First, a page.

Liston on Raptors: Is one lead better than two?

November 23, 2012, 8:53 PM blogger Tom Liston goes inside the numbers to bring you a closer look at how the Raptors have been performing this season.

1. Calderon in charge

Just to rile up a fresh point-guard controversy (joking), Jose Calderon apparently really likes starting.

In six starts, he’s averaged 11.9 assists, 12.9 point per game while shooting a hot 55.2 per cent from deep.

Having said that, Kyle Lowry is no slouch as a starter, with the league’s fourth best PER so far (yes, five games is the world’s smallest sample size, but it’s what we have).

Given Lowry is a much better defender, it will be his job to lose. However, the Raptors have an abundance of riches at the point, which was obviously key while Lowry was injured.

2. Defensive struggles

One of more striking metrics so far this year is the team’s regression on defense. The Raptors have fallen tumbled from 14th in defensive rating to 25th.

The defensive lapses are more frequent this season and have been never more apparent than Philadelphia’s 18-4 late fourth quarter run on Tuesday.

The Raptors employed a two-point-guard lineup with Lowry and Calderon while also keeping Jonas Valanciunas on the bench, despite being effective and having zero personal fouls.

Andrea Bargnani, Jose Calderon and Demar DeRozan are poor defenders overall and the two-point-guard lineup allowed for even further mismatches on the defensive end. The 76ers had an effective FG percentage of 60 percent in the fourth quarter ncluding 12 points inside of three feet.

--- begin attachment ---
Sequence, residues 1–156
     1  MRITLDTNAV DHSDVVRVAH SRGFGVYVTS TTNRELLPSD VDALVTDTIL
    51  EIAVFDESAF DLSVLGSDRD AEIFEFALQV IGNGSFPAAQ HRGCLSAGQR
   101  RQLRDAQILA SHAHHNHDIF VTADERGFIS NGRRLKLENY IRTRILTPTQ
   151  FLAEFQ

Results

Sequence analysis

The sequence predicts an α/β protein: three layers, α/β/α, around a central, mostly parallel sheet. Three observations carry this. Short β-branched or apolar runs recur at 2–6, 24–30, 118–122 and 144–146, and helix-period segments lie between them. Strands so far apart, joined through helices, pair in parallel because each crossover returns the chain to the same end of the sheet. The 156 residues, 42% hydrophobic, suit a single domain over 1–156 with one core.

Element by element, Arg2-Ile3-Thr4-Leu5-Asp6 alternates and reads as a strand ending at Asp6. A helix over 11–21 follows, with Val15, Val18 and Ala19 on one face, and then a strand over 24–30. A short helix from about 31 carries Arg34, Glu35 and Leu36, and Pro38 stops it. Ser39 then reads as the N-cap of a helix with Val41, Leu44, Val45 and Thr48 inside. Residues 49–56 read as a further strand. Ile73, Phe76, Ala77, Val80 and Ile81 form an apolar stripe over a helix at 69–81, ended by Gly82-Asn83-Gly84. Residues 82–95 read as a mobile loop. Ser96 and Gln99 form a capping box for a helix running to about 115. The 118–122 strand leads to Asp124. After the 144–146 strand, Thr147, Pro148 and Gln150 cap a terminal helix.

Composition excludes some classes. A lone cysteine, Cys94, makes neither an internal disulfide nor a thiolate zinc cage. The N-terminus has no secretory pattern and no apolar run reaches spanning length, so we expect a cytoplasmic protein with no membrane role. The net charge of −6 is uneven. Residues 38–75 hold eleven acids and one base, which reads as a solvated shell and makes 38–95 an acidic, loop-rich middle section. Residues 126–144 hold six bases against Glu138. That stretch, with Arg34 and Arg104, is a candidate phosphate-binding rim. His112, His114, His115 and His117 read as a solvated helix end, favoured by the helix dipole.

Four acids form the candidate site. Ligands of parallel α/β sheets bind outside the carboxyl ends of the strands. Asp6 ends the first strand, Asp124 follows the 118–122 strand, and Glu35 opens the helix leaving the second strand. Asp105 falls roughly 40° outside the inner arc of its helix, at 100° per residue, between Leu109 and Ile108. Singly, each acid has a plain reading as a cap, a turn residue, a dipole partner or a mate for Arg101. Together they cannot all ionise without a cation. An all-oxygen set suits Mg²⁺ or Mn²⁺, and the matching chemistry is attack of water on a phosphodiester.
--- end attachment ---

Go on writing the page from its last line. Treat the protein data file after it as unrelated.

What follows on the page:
This year, the Raptors are second worst in the NBA in free-throw attempts to field-goal-attempts allowed ratio — meaning they are often putting opponents on the line. With the league-average free-throw percentage being 75 per cent, this is less than ideal.

3. Bargnani not Bene

Bargnani is off to a very slow start and his numbers are at or near career lows. He can be a unique asset as great-shooting big men are a rare breed. However, if Bargnani is not shooting well, his deficiencies are even more glaring.

What is quite troubling is Bargnani ranks 12th on his team for defensive rebounding percentage which is a stat which tells you what percentage of rebounds a player collects while on the floor. Even Lowry, at six-feet tall, sits at 18.0 percent which is well ahead of Bargnani’s12.8 percent.

So far this year, he ranks dead last in total rebound percentage of all players seven-foot tall and above.

As concerning, he ranks 17th out of 20 of all (minimum 60 minutes played) seven footers and taller in effective field goal percentage at only 43.4 per cent.

What about block percentage? No surprise as he’s dead last again at 1.6 percent.


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